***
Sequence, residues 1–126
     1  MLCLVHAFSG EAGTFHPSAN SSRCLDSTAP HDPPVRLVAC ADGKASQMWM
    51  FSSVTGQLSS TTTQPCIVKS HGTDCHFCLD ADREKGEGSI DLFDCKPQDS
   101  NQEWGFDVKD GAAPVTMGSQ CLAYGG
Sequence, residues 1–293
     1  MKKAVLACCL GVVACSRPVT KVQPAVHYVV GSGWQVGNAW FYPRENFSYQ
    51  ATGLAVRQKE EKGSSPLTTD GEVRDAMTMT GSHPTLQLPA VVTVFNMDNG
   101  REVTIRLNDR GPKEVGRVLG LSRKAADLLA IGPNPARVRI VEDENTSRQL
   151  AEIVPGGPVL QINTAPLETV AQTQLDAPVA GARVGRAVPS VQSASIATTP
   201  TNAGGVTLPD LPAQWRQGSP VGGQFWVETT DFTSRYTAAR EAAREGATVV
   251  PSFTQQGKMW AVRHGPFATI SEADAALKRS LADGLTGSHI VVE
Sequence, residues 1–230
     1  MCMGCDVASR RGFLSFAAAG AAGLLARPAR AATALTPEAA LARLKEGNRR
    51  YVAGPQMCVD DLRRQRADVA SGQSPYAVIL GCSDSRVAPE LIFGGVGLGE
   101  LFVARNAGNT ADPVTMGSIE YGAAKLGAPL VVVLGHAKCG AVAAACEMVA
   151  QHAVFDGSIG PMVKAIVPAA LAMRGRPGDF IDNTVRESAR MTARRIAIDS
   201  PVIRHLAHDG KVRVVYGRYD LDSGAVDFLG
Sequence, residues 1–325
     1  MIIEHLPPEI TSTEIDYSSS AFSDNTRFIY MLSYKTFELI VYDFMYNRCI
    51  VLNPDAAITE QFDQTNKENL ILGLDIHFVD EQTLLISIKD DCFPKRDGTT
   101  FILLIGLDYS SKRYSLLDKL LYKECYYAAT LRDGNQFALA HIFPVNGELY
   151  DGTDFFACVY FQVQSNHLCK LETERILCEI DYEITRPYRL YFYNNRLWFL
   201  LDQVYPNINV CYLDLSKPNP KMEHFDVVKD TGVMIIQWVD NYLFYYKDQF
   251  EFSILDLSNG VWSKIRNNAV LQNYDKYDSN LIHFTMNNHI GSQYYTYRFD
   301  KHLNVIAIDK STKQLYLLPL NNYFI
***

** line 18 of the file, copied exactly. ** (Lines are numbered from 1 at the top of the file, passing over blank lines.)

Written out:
Sequence, residues 1–325